The Heptameron

Jambicque Repudiating Her Lover
Jambicque Repudiating Her Lover

The Heptameron - Day 5 - Tale 43 - Jambicque Repudiating Her Lover

Summary of the Third Tale Told on the Fifth of the Heptameron

Jambicque, preferring the praise of the world to a good conscience, strove to appear before men other than site really was; but her friend and lover discovered her hypocrisy by means of a little chalk-mark, and made known to everybody the wickedness that she was at such pains to hide.

Tale 43 of the Heptameron

The Third Tale of the Fifth Day of the Heptameron

There dwelt in a very handsome castle a high and mighty Princess, who had in her train a very haughty lady called Jambicque. (1) The latter had so deceived her mistress that the Princess did nothing save by her advice, deeming her the discreetest and most virtuous lady of her day.

This Jambicque used greatly to inveigh against wanton passion, and whenever she perceived any gentleman in love with one of her companions, she would chide them with much harshness, and, by making ill report of them to her mistress, often cause them to be rebuked; hence she was feared far more than she was loved by all the household. As for herself, she never spoke to a man except in a loud voice, and with much haughtiness, and was therefore reputed a deadly enemy to all love. Nevertheless, it was quite otherwise with her heart, for there was a gentleman in her mistress's service towards whom she entertained so strong a passion that, at last, she could no longer endure it. (2)

The regard which she had for honour and good name caused her to conceal her affection, but after she had been consumed by this passion for a full year, being unwilling to find relief as other lovers do in look and speech, she felt her heart so aflame that, in the end, she sought the final cure. And she resolved that it were better to satisfy her desire with none but God in the secret of her heart, rather than speak of it to a man who might some time make it known.

After taking this resolve, she chanced to be one day in her mistress's apartment, when, looking out upon a terrace, she perceived walking there the man whom she so dearly loved. She gazed upon him until the falling darkness was hiding him from her sight, when she called a little page of hers, and pointing to the gentleman, said—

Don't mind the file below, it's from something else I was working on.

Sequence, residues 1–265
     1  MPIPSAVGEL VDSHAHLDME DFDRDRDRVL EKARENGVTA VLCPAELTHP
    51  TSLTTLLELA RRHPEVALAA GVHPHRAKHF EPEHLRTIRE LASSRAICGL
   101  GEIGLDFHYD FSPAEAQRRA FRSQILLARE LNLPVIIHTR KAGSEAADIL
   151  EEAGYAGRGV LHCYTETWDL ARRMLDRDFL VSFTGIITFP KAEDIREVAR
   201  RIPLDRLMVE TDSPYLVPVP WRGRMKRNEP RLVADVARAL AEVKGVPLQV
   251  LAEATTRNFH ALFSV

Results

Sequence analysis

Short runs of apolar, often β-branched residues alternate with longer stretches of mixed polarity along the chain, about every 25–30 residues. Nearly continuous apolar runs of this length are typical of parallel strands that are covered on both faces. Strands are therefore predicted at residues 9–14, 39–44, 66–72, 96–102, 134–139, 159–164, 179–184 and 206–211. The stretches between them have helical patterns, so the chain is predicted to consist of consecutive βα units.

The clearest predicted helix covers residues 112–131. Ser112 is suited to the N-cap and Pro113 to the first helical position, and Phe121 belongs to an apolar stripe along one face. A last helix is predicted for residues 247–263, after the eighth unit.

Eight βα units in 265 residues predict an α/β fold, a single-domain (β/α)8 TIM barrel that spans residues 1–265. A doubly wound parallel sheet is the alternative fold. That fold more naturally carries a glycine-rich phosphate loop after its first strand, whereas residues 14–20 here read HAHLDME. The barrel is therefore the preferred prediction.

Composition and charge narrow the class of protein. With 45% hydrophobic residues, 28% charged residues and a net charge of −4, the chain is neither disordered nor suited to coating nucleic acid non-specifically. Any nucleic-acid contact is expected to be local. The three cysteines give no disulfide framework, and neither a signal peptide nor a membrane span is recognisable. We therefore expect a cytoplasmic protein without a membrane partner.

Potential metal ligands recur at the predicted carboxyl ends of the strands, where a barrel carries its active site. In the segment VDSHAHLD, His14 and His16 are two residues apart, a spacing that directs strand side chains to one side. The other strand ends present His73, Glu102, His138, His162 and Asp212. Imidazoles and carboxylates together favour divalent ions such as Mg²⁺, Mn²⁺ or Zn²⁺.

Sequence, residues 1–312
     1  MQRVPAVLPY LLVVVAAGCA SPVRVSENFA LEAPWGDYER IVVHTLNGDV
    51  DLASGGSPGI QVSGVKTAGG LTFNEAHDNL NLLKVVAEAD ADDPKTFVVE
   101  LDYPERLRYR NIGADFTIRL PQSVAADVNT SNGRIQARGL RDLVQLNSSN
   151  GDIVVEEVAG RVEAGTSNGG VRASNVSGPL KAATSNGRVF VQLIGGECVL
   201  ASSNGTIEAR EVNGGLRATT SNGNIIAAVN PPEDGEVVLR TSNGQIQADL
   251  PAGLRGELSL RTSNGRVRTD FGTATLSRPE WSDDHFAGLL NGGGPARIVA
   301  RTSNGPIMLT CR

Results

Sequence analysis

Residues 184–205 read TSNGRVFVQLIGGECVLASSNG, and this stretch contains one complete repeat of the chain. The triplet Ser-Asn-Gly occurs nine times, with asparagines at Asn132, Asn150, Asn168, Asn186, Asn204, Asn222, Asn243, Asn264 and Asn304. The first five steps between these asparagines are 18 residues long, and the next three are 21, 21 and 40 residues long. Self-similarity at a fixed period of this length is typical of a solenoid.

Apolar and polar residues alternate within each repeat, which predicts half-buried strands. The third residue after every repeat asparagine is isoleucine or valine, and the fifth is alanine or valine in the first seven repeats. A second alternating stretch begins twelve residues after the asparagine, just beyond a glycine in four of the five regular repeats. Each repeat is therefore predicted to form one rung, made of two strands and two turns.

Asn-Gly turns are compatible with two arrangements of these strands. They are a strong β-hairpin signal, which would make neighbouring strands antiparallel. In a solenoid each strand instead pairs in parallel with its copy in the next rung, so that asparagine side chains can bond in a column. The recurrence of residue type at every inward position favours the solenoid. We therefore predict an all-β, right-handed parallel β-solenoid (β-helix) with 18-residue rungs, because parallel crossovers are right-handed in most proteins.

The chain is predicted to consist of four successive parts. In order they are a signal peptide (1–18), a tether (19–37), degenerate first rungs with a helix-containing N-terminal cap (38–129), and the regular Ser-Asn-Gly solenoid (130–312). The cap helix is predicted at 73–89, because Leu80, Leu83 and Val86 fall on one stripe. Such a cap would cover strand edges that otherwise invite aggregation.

"Do you see yonder that gentleman who wears a crimson satin doublet and cloak of lynx fur? Go and tell him that one of his friends would speak with him in the garden gallery."

As soon as the page was gone, she herself passed through her mistress's wardrobe and into the gallery, having first put on her low hood and half-mask. (3)

When the gentleman was come to where she was waiting, she immediately shut the two doors by which they might have been surprised, and then, without taking off her mask, embraced him very closely, and in the softest whisper imaginable said—

"For a long time, sweetheart, the love I bear you has made me desire time and place for speaking with you, but fearfulness for my honour was for a while so strong as to oblige me, in my own despite, to conceal my passion. Albeit, in the end, the strength of love has vanquished fear, and, in the knowledge that I have of your honour, I protest to you that if you will promise to love me without ever speaking of the matter to any one, or asking of me who I am, I will be your true and faithful sweetheart, and will never love any man but you. But I would rather die than that you should know who I am."

Story 43

Heptameron Story 43

The gentleman promised her what she asked, which made her very ready to do as much for him, namely, to refuse him nothing he might desire to have. It was between five and six o'clock in winter-time, so that he could see nothing of the lady, but by the touch of her dress he perceived that it was of velvet, which at that time was not worn every day except by ladies of high and mighty lineage. And so far as his hand could let him judge of what was beneath, there was nothing there that was not excellent, trim, and plump. Accordingly, he was at pains to entertain her as well as he was able. She on her part did no less, and the gentleman readily perceived that she was a married woman.